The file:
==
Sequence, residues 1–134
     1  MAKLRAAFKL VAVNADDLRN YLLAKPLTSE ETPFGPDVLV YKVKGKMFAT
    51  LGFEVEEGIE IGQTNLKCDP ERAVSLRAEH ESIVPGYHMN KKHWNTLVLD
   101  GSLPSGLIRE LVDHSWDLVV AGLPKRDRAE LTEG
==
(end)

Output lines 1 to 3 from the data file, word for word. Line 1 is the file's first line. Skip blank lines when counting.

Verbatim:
Sequence, residues 1–134
     1  MAKLRAAFKL VAVNADDLRN YLLAKPLTSE ETPFGPDVLV YKVKGKMFAT
    51  LGFEVEEGIE IGQTNLKCDP ERAVSLRAEH ESIVPGYHMN KKHWNTLVLD